What LED lighting means for pest monitoring
By Dr. Sarah Jandricic
Have you ever wondered whether monitoring and mass trapping cards look different to pests under different types of lighting?
By Dr. Sarah Jandricic
Let’s face it – Canada’s greenhouse industry is eager to embrace new technologies. A key example is the use of LEDs in the greenhouse industry, going from preliminary research tests to widespread use for supplemental lighting in less than 20 years. The use of LED lights over conventional lighting comes with all sorts of gains – from production yields to energy savings. But are we sure we aren’t leaving something behind?
When technology has the capacity to be a game changer, we tend to focus our efforts on studying its direct effects, such as growth time and crop quality. But we often don’t stop to study what the indirect effects could be, both positive and negative.
With LEDs, the key indirect effects we need to consider are on insect and mite pests that infest the crops we are lighting, and the IPM strategies we use to control them.
Previous articles in Greenhouse Canada have covered some interesting preliminary results on the effects of LEDs on natural enemy biology and behaviour (see Arthropods and Greenhouse Lighting: Like Moths to a Flame by Dr. Rose Labbé and Cara McCreary, Greenhouse Canada, October 2020 edition). Today’s article asks an even more basic question – do we know how LED lighting will affect something as simple (and as critical for IPM decision-making) as pest monitoring using sticky cards?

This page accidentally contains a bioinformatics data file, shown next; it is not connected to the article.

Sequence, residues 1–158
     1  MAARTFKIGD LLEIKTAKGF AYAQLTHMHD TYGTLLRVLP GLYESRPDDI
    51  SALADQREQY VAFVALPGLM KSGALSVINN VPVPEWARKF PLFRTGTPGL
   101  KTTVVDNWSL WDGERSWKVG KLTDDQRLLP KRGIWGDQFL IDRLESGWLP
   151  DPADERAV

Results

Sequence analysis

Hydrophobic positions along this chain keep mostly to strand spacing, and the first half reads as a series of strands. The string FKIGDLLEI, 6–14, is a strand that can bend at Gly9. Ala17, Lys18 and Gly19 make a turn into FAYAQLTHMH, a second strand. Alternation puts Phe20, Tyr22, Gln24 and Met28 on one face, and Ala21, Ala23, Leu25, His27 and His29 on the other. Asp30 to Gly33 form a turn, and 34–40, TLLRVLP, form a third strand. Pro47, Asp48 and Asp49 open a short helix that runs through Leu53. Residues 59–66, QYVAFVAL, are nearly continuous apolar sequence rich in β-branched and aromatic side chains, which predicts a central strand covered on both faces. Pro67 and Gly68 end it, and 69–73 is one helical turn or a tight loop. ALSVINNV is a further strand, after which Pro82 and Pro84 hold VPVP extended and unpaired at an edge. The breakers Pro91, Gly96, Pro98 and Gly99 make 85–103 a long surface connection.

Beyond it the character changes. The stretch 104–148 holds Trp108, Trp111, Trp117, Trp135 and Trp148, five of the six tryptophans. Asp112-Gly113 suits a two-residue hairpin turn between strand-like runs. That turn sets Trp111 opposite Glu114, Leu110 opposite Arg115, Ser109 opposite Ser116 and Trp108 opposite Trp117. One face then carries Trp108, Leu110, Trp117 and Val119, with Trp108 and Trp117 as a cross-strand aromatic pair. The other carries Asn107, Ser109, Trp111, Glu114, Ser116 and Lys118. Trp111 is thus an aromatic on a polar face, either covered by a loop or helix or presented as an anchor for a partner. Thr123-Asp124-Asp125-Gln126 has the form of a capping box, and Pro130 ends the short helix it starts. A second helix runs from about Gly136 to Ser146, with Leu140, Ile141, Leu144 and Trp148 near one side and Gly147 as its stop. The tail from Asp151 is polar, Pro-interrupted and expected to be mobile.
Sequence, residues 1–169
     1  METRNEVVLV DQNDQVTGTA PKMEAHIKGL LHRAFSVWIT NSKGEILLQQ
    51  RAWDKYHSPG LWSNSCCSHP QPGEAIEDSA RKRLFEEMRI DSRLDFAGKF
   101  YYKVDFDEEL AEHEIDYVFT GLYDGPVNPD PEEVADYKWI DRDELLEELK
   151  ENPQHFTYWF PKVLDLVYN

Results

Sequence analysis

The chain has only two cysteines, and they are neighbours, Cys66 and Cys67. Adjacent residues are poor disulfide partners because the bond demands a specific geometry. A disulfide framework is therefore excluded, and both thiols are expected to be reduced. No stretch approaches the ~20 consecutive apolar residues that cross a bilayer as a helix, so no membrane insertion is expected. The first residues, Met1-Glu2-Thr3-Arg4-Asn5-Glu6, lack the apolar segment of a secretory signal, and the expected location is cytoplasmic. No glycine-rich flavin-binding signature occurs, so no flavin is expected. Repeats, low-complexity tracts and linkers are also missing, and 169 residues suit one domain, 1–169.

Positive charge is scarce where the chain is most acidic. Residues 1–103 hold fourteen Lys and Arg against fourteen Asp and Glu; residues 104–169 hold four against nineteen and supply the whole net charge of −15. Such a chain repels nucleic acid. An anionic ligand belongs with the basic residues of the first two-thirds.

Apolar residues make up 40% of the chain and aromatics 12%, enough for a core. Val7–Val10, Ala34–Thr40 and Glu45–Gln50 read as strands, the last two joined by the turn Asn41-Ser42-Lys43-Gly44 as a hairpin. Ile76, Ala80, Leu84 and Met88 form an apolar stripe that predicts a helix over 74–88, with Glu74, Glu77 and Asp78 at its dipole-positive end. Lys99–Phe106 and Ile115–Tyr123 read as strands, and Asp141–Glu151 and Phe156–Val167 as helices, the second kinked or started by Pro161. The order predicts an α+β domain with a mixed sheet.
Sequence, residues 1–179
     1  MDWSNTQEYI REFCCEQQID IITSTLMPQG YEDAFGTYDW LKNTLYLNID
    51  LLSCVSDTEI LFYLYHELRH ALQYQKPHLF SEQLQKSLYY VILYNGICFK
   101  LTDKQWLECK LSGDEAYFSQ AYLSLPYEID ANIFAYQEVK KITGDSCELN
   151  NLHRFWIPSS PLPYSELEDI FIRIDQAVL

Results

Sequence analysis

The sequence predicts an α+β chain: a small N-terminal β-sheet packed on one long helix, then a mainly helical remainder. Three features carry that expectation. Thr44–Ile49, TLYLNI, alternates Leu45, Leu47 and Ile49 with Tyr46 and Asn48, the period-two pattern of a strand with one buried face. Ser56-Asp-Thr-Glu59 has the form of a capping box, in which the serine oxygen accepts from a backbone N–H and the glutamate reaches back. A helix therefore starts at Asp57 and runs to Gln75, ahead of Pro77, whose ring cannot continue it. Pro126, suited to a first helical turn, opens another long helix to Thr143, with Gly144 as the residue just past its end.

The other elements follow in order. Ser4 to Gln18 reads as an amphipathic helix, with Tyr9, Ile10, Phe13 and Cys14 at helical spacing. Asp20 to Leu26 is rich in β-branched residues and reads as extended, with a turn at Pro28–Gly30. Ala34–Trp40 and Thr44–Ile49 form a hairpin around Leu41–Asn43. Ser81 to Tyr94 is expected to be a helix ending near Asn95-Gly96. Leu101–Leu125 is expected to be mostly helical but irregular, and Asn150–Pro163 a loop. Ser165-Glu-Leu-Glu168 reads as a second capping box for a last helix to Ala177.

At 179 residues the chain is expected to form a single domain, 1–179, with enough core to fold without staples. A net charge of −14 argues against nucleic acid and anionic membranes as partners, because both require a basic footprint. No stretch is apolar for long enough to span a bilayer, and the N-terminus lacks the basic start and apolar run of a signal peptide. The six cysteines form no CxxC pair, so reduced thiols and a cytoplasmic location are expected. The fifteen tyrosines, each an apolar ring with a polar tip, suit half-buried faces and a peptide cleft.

A Matter of Perception
Sticky cards used for monitoring and mass trapping are generally yellow or blue, for a good reason. These wavelengths are two parts of the visual light spectrum that insects most respond to. Thrips, especially, respond to blue, which is why this colour of trap is sometimes used in vegetable and floriculture greenhouses (visit ONfloriculture.com for more on thrips and optimal trap colours).